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Intelligent Whale


(Submarine: weight 4,000 pounds (estimated); l. 28'8"; b. 7'; dph. 9'; s. 4 k.; cpl. 6 to 13)


Intelligent Whale, an experimental iron-hulled submarine, was built at Newark, New Jersey, to the design of Scovel S. Merriam, who entered into an agreement on 2 November 1863 with Augustus Price and Cornelius S. Bushnell. In April 1864, the American Submarine Company was formed, taking over the interests of Bushnell and Price. Years of litigation, however, followed, while those who built the boat apparently encountered “great difficulty…in getting a crew to man her for her first test in Newark Bay.”

Intelligent Whale could be submerged by filling compartments with water, and then expelling the water by pumps and compressed air. It was estimated that the supply of compressed air inside could allow the boat to stay submerged for about 10 hours. Thirteen crewmen could be accommodated, but only six were needed to make her operational, motive power being furnished by a part of the crew cranking, attaining a speed of about four knots. General Thomas William Sweeny, a colorful decorated veteran of the Mexican War and Civil War (and who would participate in the Fenian Invasion of Canada later in the year), and two other men, tested the boat in April 1866. They submerged her in 16 feet of water, and Sweeney, clad in a diver’s suit, emerged through a hole in the bottom, placed a charge under a scow, and reentered the submarine. When Intelligent Whale was a safe distance away, Sweeny exploded the charge by a lanyard and a friction primer, blowing the scow to pieces. Ultimately, at the end of the period of litigation, however, a sheriff’s sale disposed of the boat. With the establishment of the title in court, the boat ultimately belonging to an “Abe” Halstead, the submarine was sold on 29 October 1869 to the Navy Department, for the following terms: $12,500 to be paid upon making and signing the agreement, $12,500 upon completion of the successful experiment, and $25,000 for all "secrets and inventions" connected with the craft.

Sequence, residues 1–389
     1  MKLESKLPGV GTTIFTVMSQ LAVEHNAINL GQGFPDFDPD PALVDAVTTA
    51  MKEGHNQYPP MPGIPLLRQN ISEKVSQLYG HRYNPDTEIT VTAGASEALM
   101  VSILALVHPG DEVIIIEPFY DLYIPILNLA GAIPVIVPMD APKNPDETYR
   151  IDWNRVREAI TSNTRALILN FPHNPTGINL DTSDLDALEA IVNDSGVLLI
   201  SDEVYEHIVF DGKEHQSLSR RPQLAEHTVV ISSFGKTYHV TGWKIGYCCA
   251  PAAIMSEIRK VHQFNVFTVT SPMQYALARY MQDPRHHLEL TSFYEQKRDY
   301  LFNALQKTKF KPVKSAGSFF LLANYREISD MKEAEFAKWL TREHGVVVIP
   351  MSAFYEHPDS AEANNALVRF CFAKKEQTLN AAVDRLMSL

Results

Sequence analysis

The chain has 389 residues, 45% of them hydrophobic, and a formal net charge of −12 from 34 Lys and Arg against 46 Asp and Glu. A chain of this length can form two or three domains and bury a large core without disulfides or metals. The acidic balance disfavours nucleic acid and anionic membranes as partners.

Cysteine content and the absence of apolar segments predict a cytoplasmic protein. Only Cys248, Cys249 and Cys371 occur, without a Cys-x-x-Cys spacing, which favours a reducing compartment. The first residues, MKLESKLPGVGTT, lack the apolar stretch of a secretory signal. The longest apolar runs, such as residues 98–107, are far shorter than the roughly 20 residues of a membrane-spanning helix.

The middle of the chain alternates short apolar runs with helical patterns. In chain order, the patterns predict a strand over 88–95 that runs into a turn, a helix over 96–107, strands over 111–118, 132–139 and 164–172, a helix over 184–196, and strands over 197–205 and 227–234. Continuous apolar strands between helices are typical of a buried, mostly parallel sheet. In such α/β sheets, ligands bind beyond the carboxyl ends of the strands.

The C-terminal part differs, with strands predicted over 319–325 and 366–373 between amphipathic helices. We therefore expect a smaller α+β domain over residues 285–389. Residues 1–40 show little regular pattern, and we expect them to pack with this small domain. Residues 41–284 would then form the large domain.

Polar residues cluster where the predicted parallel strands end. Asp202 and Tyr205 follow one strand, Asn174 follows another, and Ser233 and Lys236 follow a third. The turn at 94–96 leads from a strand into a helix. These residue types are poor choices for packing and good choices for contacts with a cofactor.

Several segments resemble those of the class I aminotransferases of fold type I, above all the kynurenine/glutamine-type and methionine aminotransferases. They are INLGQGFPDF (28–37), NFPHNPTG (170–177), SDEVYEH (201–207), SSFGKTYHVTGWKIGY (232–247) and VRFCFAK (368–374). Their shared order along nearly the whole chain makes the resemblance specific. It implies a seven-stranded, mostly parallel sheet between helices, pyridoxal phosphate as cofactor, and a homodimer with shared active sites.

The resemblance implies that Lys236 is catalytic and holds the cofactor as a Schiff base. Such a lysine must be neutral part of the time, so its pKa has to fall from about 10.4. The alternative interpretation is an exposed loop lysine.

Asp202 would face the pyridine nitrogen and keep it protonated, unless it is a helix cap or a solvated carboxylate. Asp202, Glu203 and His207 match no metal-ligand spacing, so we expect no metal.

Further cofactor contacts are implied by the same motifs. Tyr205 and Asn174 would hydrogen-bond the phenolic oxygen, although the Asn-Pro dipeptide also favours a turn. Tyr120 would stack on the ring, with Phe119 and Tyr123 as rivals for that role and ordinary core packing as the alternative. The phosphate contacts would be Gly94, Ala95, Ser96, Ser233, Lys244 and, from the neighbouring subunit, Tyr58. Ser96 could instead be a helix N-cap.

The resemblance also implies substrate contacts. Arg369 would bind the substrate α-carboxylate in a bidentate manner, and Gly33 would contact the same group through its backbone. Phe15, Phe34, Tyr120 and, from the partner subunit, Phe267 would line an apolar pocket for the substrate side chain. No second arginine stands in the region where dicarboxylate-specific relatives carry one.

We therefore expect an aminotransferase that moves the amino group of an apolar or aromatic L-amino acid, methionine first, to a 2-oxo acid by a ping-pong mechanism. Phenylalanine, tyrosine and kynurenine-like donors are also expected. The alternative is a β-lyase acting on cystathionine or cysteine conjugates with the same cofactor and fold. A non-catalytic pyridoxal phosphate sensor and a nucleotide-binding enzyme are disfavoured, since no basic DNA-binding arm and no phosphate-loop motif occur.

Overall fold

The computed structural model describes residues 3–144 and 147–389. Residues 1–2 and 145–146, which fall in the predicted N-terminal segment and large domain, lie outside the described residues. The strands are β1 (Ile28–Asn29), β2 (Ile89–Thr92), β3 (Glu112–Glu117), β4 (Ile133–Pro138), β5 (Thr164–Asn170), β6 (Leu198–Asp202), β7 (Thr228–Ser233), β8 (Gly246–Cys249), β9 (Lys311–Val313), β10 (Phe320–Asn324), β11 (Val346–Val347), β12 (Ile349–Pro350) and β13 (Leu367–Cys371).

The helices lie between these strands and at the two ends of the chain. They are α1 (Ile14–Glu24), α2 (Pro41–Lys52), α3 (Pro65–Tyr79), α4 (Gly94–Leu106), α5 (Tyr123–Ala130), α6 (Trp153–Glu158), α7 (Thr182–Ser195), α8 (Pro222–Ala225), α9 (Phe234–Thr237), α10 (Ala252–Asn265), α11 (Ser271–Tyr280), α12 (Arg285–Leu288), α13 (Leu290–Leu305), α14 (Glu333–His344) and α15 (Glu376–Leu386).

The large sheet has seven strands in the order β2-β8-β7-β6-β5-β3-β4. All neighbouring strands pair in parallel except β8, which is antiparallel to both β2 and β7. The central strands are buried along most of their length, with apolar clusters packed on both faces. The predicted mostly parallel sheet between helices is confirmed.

A trial of Intelligent Whale occurred at the New York Navy Yard, Brooklyn, N.Y., three years later. “After sinking the boat, it was found the opening on top was leaking through defective packing,” reported the Army and Navy Journal of 21 September 1872, “and after remaining under water a short time, the leak was so bad it was found expedient to raise her, but in doing so she caught under the derrick, and signals were sent to those on board [the derrick] to hoist the boat out, which they did. In the meantime, those on terra firma were excited by the fear that some serious mishap would occur to the persons in the torpedo-boat [one of whom was, apparently, Halstead himself], but after having been under the water sometime in the same spot, nor having traveled or accomplished anything, the boat was got out, and found nearly half full of water, her navigators unhurt, but we imagine, considerably frightened…”

Upon the conclusion of the unsuccessful test, the Navy refused further payments and abandoned the project. Some credit Intelligent Whale with inspiring John Holland to pursue submarine design.

Displayed for a time at the New York Navy Yard and then the Washington Navy Yard, Intelligent Whale as of this writing (October 2006) is on display at the National Guard Militia Museum of New Jersey in Sea Girt, New Jersey.

Rewritten, Robert J. Cressman, 10 October 2006.